Updated: Jan 13
Written by Garrett Zatlin
In Division Two, the parity between the top teams in the nation is lacking, as only a handful of squads hold a majority of the power in the NCAA. However, one team that has slowly progressed into the upper echelon of the D2 ranks is the Michigan Tech women. The team has had a handful of individual standouts as of late and showed promising results on the cross country course last fall. In 2019, they should not be dismissed...
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The Huskies kicked off their 2018 cross country season at Spartan Invitational at Michigan State. Admittedly, it was tough to get a gauge of how well the team performed given the unique mix of D1 and D2 talent in the field. The end result would be Michigan Tech finishing 6th overall behind a strong Hillsdale team among a handful of other mid-major Division One programs.
The Michigan Tech women put together a scoring five that earned finishes of 26-37-47-51-53 in the team scoring which was enough to edge out GLIAC rival Saginaw Valley by five points. Fast forward to Roy Griak, and their performances only improved. The Huskies snagged a 4th place finish in the D2 standings, significantly ahead of 5th place Northern Michigan, but 28 points behind a very strong UCCS team. Still, the team displayed a pair of strong low-sticks in Emily Byrd and Liz Block who gave the Huskies additional scoring potency at the front of the race. The rest of the Michigan Tech lineup took five places between 38th and 51st place.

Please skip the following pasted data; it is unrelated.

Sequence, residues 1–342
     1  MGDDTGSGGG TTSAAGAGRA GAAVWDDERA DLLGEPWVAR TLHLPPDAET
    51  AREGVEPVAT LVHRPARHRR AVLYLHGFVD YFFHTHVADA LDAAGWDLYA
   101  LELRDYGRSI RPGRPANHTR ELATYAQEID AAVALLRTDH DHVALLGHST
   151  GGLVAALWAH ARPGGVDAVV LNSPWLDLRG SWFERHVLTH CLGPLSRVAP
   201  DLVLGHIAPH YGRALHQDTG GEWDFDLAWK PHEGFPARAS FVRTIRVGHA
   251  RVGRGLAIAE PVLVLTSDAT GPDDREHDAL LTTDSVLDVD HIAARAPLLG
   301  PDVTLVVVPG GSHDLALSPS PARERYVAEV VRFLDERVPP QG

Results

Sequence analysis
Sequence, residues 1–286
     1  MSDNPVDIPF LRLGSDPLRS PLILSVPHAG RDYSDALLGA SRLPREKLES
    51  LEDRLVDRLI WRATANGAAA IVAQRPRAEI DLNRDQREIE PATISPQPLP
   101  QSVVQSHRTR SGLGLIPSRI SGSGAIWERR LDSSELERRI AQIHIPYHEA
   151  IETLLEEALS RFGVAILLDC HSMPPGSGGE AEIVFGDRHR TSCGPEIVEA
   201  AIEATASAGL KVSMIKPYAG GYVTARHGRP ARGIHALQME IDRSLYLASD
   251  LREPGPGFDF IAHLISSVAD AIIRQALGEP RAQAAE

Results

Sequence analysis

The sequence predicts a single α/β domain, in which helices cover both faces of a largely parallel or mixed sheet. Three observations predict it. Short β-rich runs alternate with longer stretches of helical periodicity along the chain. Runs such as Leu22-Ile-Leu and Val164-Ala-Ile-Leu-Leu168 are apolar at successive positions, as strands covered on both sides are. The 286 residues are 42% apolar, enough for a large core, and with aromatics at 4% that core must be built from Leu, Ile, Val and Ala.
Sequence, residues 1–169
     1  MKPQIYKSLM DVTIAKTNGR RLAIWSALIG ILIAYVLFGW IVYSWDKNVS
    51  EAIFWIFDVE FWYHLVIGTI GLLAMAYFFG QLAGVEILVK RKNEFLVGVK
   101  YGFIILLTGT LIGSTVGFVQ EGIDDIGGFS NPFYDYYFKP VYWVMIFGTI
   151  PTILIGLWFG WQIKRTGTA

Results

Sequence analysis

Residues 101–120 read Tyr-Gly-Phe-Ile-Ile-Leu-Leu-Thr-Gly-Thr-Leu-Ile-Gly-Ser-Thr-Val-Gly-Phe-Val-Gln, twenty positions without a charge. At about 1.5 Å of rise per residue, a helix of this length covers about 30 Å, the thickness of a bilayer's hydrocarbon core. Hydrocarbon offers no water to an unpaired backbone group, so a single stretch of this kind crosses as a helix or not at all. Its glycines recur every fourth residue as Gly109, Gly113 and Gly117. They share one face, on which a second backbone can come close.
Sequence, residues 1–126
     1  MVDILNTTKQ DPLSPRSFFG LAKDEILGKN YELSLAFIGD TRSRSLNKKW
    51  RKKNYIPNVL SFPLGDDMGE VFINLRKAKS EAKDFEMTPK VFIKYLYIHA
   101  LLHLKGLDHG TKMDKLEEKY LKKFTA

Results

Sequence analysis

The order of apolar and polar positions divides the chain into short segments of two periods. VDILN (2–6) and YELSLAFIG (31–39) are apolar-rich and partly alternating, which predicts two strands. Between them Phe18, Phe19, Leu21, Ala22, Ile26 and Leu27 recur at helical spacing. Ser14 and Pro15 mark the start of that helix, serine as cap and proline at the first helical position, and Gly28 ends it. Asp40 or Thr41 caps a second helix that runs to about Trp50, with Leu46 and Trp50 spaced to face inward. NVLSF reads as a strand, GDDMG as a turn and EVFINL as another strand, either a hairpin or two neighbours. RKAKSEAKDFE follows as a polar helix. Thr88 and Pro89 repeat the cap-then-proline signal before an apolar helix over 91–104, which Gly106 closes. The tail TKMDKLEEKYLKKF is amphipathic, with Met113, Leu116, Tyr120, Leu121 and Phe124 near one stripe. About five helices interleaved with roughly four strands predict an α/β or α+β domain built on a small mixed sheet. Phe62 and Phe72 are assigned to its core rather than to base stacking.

At the Lewis Crossover meet, Byrd once again established herself as a legitimate low-stick with a 6th place finish. However, Bloch fell off a bit to 35th place while their final three scorers stayed relatively close together (again) for team finishes of 66-78-84. The end result was Michigan Tech placing 9th overall, one spot behind conference rival Saginaw Valley as well as a handful of other programs.
But their big-meet experience eventually paid off for them in the postseason. At the GLIAC XC Championships, Michigan Tech got their revenge by earning runner-up honors, defeating Saginaw Valley (in a very small, condescend field) by a notable margin of 23 points. With all five women finishing inside the top 20, it was clear that Michigan Tech had enough depth to compete with some of the top programs in the country.
With the conference meet now behind, the Huskies shifted their focus. The Midwest Regional Championships forced Michigan Tech to settle for 3rd, but they were far closer to runner-up Hillsdale (12 points) at this meet than they were at the Spartan Invite (34 points).
After patiently waiting for their moment to shine, the Huskies had a monster breakout performance at the national meet, placing 7th overall. Byrd snagged a huge 20th place finish while Feber and Bloch finished 44th and 53rd, respectively. With a legitimate All-American and all five women finishing inside the top 100 (in the team scoring) it was no surprise that Michigan Tech ended up in 7th.
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In 2019, Michigan Tech will once again be fighting for yet another top finish at Nationals. The return of top scorer Emily Byrd will be huge for the team, but the loss of Liz Bloch will be a tough pill to swallow.
Luckily, the Huskies have the luxury of bringing back most of their depth. Feben proved at Nationals that she could provide a similar level of scoring as Bloch while the rest of the lineup gained valuable experience. The trio of Bollini, Huggins, and Homes are a respectable back three, but they will need to make notable improvements if this is going to be team that gets on the podium.
Despite the minor imperfections, the Michigan Tech women have the making a top 10 team spot nationally and we expect them to show that this fall...
Written by Grace McLaughlin